When translating defects into process, consider basic errors such as not contacting a party to a claim, missing a witness, not obtaining a police report. Add to this simple metrics such as missed subrogation or auto physical damage supplement rates. Further compound the challenges to accuracy with improper liability assessments or poor negotiation skills. Then pile on the potential litigation from HIPAA violations. These types of fundamental issues can really add up and compound the challenges for claims organizations.

While these types of errors can be found with a traditional sampling of claims, the ability to isolate trends can be slow and cumbersome. Arguably, a better approach is rooted in leveraging tools. Consider basic metrics such as allowable medical bills. Reactively, an auditor could pull a file an manually identify what was billed and owed. Proactively, this same auditor could cover exponentially more ground with tools that automate this entire process. The same holds true for other aspects of claims, whereby targeted selection based upon claim tool methodology can produce reports to isolate defects down to the adjuster level.

Back to the hammer can nails analogy. Could a house be built without these tools? Certainly, but much like a house of cards it would eventually collapse. Rather, by providing the builder of a house or a claim, with the necessary tools, a level of certainty about quality and outcome will emerge.

What we see throughout the industry is that claims departments which think and act in a manner rooted in consistency and fundamental execution tend to gain a significant competitive advantage. This advantage is not limited to claims, as these same concepts can be leveraged in all aspects of organizational improvement.

Susan Tidball is the CEO of ExecuLINC, an organization focused on providing top of the line solutions to claims organizations. She is a former executive at a Fortune 100 company and long time entrepreneur. To learn more, please visit or call 530-428-LINC(5462).

Blocking and tackling is the essence of the winning claims organization

There is no sensation like being the game changer. From catching the winning touchdown to brokering the million dollar business deal, the thrill is beyond compare. It is a chance for that often elusive moment of fame. For some it is fleeting, but for those who block, tackle and execute with perfection, it can last a lifetime.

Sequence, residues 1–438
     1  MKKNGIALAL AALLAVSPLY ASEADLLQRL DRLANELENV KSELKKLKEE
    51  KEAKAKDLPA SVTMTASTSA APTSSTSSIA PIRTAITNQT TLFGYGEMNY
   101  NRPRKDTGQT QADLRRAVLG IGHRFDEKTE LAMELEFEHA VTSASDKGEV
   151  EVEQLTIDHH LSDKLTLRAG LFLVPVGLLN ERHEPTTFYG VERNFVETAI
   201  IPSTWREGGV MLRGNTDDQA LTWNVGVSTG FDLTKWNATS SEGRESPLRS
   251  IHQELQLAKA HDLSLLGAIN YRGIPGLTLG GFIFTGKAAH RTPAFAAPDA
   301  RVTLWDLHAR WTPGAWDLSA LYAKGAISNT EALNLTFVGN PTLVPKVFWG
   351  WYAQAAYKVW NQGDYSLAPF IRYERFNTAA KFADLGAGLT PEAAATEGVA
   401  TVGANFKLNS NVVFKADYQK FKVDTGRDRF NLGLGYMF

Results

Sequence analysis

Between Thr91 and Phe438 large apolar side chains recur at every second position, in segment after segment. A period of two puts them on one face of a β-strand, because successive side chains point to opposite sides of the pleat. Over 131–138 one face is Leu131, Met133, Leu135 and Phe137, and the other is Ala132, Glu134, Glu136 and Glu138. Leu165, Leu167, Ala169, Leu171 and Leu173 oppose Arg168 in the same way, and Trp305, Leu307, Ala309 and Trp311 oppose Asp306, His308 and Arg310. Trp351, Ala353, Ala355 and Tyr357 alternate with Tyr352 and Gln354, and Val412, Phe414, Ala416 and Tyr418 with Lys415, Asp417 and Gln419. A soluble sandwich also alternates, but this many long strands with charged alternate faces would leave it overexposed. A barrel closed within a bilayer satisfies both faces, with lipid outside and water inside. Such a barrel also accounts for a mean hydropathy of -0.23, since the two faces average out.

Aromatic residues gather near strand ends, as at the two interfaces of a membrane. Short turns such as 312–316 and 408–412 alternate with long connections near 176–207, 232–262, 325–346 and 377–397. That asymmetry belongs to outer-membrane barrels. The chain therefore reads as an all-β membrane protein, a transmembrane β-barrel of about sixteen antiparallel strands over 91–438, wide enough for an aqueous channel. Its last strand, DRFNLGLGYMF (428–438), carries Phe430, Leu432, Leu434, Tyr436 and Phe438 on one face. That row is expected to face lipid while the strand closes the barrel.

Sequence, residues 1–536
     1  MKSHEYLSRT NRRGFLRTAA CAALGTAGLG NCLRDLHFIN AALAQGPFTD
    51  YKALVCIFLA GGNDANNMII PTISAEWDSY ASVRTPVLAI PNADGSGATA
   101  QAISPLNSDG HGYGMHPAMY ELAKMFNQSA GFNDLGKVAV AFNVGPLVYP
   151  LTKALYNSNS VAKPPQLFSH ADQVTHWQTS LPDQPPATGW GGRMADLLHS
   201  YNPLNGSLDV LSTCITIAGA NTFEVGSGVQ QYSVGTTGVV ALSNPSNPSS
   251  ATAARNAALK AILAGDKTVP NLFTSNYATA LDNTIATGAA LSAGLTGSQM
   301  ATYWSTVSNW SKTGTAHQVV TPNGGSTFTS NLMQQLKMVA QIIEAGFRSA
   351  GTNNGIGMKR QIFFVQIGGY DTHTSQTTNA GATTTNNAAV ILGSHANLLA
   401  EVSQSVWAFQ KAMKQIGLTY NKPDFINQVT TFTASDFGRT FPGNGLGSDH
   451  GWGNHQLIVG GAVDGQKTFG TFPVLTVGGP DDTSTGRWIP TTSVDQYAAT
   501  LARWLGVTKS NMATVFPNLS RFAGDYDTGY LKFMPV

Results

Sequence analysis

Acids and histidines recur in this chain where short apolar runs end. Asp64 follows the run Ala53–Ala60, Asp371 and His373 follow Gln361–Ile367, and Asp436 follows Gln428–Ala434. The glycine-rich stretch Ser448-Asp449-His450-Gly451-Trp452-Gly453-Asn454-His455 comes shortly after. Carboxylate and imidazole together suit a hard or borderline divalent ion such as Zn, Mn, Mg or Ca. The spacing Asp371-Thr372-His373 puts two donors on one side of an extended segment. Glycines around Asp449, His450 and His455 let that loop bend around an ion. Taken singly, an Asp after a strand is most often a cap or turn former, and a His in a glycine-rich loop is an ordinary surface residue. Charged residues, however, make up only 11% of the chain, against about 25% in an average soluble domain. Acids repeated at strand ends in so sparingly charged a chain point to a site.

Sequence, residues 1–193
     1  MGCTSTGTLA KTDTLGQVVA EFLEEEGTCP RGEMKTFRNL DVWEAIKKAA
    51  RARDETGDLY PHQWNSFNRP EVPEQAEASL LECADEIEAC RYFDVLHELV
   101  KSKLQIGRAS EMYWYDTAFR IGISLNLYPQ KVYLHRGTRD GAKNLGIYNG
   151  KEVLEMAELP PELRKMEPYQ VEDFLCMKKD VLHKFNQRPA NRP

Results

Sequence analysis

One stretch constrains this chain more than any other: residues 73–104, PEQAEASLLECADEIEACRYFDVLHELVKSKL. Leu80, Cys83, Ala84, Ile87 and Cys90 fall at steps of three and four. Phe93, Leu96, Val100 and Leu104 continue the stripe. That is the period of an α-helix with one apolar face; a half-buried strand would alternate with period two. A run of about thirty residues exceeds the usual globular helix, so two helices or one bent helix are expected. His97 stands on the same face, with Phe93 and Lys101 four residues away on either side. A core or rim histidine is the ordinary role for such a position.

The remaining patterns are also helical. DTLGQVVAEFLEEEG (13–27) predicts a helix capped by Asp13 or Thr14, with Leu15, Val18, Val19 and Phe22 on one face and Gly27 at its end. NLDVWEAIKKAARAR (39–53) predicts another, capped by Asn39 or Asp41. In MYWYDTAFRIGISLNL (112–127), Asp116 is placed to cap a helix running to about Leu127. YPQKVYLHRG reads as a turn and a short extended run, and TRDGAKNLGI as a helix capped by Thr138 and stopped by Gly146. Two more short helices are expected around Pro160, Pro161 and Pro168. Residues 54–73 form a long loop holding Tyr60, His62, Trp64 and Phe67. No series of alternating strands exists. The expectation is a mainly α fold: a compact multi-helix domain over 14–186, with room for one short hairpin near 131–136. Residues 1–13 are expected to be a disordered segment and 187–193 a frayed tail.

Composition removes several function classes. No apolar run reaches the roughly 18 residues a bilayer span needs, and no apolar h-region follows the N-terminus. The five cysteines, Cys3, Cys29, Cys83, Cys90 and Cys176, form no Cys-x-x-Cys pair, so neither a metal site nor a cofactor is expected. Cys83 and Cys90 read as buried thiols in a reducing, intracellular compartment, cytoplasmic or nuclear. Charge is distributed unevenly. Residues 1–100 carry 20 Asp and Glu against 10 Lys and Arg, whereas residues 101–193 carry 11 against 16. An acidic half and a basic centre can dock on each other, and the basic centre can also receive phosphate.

As a mother of three boys, all of whom played football, the importance of blocking and tackling became abundantly clear. This same level of detail and focus transcends the gridiron into all aspects of life, from school to church to civics. This also holds true in the insurance industry, where simple mistakes, improper training and inefficiencies can prove as costly as injuries, turnovers and loss of downs.

While some claim that winning isn’t everything, it was Vince Lombardi who put it best, “If winning doesn’t matter, why do they keep score”? The answer is no different than why claims organizations measure metrics with a constant emphasis on bottom line results.

At ExecuLINC, the focus is on how to best leverage people, processes and technology to gain a competitive advantage in the marketplace. The key to success is in the development of a total quality process that ensures excellence in all aspects of claims handling. This holistic approach enables carriers to best identify gaps, weaknesses or deficiencies, and make recommendations on critical paths for success.

When looking at your bottom line the reality is that winning is highly important. The companies that do it better, faster and smarter than the competition will move ahead of the pack. Through effective blocking and tackling, carriers can have a positive impact on everything from First Notice of Loss and investigations to estimatics and recoveries.

By giving definition to the X’s and O’s on the claims playing field, managers can assume the challenges with a much improved game plan. Just as no coach should ever settle for anything less than a playoff run, no manager should settle for anything less than superior results.

Closing gaps on the production line is no different than closing them on the gridiron, resulting in smoother processes, reduced cycle times, improved quality and accurate results. By focusing on the basics, Blocking and Tackling will provide the essentials for a winning organization.

The essence of football was blocking, tackling, and execution based on timing and rhythm”- Knute Rockne

Susan Tidball is the CEO of ExecuLINC, an organization focused on providing top of the line solutions to claims organizations. She is a former executive at a Fortune 100 company and long time entrepreneur. To learn more, please visit or call 530-428-LINC(5462).